I attended a New York Archives Week Symposium at the Center for Jewish History on West 16th Street on Friday October 16th entitled “The Uncomfortable Archive.” The symposium, co-sponsored by the CJH and the MetLife Foundation, was open to the general public and aimed at bringing together archivists, librarians, museum professionals, scholars, and researchers around the subject of difficult and “dangerous” information in the digital age. Of particular interest to me was the early afternoon program entitled “Uncomfortable Powers: Archiving Dangerous Knowledge,” which promised talks ranging from cloistered Soviet-era archives, presidential records, and Wikileaks.
Omission and Obfuscation in the Private Soviet Archive
Katherine Tsan presented the first talk, “Omission and Obfuscation in the Private Soviet Archive.” It was structured around her research into the coded messaging that survived this highly-censored historical epoch. Tsan outlined the difficulty facing the contemporary archivists responsible for interpreting these incomplete records, which were obfuscated in order to circumvent the draconian provisions of Soviet-era oversight. Archives were state-controlled this way until 1991, meaning abbreviations, incomplete names, and code words were the norm in information files.
Tsan discussed the dual concerns when focusing on Soviet-era projects. She highlighted the ethical conundrum involved in archiving writings and information that were purposefully celf-sensored. Tsan also discussed the dilemma posed by Putin’s current-day deep-freeze of national archives, which show strong evidence of private citizens blotting out images and cultural memory. Tsan questioned if historical preservation should probe beyond these intentions or approach them from an ostensibly globalist, progressivist slant? Putin’s unwillingness to fund archival activities is in line with Soviet effacement, indicated by the complete lack of KGB archives and the concealment of Russian presidential archives.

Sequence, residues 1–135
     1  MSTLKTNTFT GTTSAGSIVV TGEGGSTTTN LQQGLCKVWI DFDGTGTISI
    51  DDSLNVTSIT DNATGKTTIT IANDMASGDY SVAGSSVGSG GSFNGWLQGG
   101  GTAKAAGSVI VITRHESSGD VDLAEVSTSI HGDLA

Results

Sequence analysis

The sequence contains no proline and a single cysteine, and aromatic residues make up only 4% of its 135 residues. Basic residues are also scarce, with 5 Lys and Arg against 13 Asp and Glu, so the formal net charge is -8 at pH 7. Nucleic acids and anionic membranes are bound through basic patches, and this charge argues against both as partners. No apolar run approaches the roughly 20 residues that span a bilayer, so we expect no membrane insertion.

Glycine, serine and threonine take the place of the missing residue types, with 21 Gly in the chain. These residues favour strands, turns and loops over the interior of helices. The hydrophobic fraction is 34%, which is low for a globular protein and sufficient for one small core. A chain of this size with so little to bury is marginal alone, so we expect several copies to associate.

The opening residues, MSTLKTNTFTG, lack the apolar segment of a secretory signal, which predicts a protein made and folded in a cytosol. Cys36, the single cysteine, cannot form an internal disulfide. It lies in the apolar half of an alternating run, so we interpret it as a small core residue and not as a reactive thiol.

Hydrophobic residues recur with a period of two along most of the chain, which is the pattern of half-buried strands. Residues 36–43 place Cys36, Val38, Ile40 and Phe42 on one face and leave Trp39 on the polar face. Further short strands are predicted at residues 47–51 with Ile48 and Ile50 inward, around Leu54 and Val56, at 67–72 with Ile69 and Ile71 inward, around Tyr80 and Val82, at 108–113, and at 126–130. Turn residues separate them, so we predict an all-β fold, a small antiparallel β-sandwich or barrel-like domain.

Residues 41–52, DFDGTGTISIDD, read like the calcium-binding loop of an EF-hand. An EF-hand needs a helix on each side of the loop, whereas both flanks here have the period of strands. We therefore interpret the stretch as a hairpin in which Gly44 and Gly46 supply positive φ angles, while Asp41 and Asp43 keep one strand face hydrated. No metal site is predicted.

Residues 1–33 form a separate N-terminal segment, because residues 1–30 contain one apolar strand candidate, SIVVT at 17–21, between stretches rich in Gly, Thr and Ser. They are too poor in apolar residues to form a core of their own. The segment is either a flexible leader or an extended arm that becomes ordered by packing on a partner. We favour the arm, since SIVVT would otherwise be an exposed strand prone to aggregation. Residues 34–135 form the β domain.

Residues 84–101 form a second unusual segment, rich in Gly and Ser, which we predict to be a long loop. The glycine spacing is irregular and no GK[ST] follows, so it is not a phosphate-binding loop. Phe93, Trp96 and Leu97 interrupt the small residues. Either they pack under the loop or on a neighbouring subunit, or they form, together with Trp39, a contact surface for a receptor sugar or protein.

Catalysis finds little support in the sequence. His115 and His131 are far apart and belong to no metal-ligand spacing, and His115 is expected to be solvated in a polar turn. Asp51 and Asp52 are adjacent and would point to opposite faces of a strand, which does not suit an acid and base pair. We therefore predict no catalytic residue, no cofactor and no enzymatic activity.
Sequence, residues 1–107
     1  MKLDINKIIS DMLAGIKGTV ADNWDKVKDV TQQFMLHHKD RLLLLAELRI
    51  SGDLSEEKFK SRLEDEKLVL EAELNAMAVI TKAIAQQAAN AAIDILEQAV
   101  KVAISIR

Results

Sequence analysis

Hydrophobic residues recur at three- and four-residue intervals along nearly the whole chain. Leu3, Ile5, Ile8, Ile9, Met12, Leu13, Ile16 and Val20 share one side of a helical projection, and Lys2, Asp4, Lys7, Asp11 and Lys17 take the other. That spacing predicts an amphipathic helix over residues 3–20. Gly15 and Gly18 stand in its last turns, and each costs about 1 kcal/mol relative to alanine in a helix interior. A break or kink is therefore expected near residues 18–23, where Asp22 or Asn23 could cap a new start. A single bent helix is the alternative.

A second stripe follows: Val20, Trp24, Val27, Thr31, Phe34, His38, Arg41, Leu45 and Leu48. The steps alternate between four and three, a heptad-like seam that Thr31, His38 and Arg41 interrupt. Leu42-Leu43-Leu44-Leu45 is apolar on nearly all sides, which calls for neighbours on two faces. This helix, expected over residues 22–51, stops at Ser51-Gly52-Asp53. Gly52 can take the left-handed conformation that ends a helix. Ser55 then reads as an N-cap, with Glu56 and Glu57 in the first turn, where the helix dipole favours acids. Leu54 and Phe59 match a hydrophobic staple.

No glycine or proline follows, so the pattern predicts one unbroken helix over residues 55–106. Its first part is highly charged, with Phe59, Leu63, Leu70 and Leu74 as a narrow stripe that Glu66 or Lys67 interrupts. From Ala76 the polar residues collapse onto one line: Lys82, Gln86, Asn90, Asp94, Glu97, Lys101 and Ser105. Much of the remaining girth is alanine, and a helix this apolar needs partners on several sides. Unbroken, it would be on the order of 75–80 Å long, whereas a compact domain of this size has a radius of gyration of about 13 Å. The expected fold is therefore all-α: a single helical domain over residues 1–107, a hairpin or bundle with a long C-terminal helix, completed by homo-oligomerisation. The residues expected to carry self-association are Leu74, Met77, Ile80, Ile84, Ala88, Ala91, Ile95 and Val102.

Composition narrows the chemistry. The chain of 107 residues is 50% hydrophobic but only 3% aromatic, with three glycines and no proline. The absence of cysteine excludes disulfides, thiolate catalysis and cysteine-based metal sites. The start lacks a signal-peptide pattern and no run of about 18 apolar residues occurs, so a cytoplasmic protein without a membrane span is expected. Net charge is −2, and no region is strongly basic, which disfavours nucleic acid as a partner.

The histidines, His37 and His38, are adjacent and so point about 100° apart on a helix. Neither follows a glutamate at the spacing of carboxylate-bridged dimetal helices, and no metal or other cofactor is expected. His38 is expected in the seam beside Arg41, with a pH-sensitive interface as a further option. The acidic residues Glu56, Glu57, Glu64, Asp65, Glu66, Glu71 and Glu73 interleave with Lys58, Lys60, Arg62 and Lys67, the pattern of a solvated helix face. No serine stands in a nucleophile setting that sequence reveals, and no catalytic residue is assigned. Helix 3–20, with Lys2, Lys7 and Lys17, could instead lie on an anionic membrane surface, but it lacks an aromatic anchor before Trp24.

Tsan’s talk echoed concepts of power and the archive that we read in Schwartz and Cook’s article Archives, Records, and Power: The Making of Modern Memory. They write: “The point is for archivists to (re)search thoroughly for the missing voices, for the complexity of the human or organizational functional activities under study during appraisal, description, or outreach activities, so that archives can acquire and reflect multiple voices, and not, by default, only the voices of the powerful.”1 The near-totalitarian aspects of Soviet rule should be examined in the archival renegotiation of history. However, the key challenge here is how archivists can locate missing voices in a historical period in which they were silenced and redacted?
Tsan’s talk also recalled Drabinski’s article Queering the Catalog: Queer Theory and the Politics of Correction. Drabinski notes that “Queer theory also found roots in a postmodernism that challenged the idea that truth could be final.”2 Is there a possibility for a more thoroughly accurate and truthful picture of Soviet Russia given the degree of suppression and censorship prevalent in that era? Or is the fact that so much of Soviet history was censored the truest depiction of its archival history? Would further excavation create a muddled history? These are intriguing questions posed by Tsan’s presentation.